Helen, on the left, new homesteader in Twentynine Palms; right, Minerva Hoyt, "Apostle of the Cacti".
Helen learned to love the desert, coming here in 1927, with her husband Frank (due to his health issues) and three young boys. Helen and Frank ran a grocery store in Twentynine Palms, or '29 Palms', and made a life here from scratch. Among other things, they dug a well, built a school and, after years of living in and running the grocery store out of a double garage, built a house and made a life for their family. Helen wrote 'Sand In My Shoe', with remembrances of the people, places and customs of early homesteader life.
Minerva, a member of the Garden Club of America, found great solace in the desert in the early 1900's, visiting often from her home in Pasadena. Her efforts to educate children and adults alike about the preservation of native plants and animals of the desert included elaborate exhibits in various garden club shows, like the 1928 International Flower Show in New York's Grand Central Palace, New York Botanic Garden, the Massachusetts Horticultural Society and the Chelsea Spring Flower Show in London. Her biggest project was the preservation of Mojave Desert land now known as Joshua Tree National Park.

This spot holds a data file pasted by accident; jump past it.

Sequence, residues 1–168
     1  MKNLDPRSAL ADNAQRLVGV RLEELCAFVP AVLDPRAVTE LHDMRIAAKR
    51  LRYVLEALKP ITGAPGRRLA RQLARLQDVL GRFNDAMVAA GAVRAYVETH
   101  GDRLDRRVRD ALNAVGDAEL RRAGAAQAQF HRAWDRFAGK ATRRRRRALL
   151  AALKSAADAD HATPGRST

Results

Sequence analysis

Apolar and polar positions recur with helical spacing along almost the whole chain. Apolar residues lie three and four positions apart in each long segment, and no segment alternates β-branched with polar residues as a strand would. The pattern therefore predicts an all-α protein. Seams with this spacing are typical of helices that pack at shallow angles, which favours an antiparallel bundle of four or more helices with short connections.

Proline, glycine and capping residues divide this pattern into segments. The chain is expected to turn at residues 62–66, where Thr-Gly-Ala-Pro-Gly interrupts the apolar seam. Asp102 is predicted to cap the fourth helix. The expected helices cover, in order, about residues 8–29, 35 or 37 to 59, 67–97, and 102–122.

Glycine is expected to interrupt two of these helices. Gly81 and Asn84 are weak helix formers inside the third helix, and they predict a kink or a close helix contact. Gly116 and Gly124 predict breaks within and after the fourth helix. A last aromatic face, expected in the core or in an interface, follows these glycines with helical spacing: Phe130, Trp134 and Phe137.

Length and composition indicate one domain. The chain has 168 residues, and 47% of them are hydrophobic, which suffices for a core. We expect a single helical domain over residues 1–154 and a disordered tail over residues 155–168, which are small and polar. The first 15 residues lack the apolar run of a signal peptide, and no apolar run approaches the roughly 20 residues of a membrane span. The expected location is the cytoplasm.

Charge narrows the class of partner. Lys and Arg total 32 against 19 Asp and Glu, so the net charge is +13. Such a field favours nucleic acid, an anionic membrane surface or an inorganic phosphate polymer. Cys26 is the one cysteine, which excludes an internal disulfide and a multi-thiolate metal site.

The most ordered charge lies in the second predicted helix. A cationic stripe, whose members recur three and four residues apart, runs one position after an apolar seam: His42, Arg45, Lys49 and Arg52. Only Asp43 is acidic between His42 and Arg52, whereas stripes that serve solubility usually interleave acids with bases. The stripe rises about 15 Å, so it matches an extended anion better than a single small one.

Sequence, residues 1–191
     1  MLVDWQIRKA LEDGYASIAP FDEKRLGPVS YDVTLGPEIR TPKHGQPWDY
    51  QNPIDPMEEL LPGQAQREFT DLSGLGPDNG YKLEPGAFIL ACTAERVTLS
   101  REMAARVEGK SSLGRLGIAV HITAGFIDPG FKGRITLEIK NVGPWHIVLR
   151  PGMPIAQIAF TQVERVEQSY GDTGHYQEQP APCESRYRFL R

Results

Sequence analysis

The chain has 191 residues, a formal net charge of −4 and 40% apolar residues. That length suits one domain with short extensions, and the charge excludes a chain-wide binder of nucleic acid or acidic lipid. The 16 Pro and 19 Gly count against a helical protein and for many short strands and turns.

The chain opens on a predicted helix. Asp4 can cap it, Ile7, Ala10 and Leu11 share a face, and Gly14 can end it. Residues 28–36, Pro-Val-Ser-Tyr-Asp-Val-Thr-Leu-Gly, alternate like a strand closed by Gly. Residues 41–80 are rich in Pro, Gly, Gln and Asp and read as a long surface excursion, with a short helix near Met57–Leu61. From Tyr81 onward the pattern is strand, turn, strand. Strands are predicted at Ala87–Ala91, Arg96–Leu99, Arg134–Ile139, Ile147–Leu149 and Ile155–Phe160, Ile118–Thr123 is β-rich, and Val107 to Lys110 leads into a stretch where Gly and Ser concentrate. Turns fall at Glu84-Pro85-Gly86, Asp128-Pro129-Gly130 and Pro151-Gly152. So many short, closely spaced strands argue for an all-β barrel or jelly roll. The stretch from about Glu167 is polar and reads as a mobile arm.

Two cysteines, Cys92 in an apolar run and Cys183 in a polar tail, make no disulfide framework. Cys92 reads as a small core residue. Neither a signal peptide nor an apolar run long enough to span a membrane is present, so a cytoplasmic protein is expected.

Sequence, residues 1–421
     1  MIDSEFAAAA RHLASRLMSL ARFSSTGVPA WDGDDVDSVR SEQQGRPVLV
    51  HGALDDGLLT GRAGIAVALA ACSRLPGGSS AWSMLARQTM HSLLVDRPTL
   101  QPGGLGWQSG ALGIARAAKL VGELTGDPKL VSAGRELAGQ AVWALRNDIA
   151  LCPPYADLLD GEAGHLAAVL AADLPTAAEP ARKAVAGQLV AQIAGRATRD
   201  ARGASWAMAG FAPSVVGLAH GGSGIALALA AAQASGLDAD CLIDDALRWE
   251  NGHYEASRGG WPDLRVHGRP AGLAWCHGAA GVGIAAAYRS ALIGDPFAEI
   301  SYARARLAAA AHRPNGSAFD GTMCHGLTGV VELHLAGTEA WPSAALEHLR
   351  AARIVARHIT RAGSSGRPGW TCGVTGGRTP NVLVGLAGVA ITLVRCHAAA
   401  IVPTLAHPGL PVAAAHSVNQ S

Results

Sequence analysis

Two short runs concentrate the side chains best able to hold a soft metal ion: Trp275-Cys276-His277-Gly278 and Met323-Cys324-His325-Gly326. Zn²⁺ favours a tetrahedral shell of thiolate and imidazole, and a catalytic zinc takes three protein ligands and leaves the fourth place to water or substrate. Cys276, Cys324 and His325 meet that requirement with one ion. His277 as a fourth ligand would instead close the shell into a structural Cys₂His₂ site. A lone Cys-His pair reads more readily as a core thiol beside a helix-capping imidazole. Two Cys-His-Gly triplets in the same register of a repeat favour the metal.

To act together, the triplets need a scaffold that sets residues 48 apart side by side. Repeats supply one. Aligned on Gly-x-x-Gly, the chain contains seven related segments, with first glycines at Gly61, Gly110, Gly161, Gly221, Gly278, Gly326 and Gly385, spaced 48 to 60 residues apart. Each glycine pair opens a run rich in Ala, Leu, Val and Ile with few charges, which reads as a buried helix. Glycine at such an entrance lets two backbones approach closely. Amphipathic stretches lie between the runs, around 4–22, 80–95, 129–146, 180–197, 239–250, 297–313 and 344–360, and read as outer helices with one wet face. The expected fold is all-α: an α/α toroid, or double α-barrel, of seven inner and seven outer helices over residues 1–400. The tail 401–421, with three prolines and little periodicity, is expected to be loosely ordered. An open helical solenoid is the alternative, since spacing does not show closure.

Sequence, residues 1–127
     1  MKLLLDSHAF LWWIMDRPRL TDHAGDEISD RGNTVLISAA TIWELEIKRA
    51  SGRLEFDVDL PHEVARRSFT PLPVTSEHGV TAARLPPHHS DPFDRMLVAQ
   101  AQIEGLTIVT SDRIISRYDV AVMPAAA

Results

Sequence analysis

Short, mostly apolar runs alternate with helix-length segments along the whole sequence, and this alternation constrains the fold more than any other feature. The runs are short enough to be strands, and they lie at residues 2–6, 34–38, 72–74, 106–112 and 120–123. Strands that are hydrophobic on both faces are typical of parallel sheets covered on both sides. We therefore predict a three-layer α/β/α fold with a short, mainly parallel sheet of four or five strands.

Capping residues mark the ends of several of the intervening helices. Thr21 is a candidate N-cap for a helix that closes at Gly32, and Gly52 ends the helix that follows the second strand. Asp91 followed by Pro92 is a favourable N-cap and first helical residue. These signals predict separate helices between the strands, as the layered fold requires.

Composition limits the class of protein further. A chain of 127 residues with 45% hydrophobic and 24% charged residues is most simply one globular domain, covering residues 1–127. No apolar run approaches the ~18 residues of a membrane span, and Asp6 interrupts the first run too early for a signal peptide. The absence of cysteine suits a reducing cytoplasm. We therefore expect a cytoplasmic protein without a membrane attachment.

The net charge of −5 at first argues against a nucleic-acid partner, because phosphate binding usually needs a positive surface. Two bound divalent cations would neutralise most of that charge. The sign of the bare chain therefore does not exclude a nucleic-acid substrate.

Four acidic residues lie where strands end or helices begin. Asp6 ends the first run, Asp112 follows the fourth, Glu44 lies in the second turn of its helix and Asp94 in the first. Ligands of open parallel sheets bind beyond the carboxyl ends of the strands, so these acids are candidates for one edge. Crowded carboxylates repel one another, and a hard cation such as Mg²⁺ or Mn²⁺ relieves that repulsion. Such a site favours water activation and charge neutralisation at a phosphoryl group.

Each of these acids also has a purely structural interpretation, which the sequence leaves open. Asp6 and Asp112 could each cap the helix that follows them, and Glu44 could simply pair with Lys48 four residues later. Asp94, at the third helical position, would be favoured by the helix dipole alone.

In this episode, I read an excerpt from each of the listed books. Helen's is first and will give you an idea of her life with Frank and some of the challenges of early homestead life. The excerpt about Minerva is from 'National Parks and the Woman's Voice', by Polly Welts Kaufman, and shows Minerva's commitment to the desert and to seeing that it was preserved for future generations.
Below are links to these books on Amazon. Raven's or Sagebrush Books, in 29 Palms and Yucca Valley, CA respectfully, may have them on the shelves from time to time. They may also be found at your public library. 'Sand in my Shoe' is a bit of a collector's item.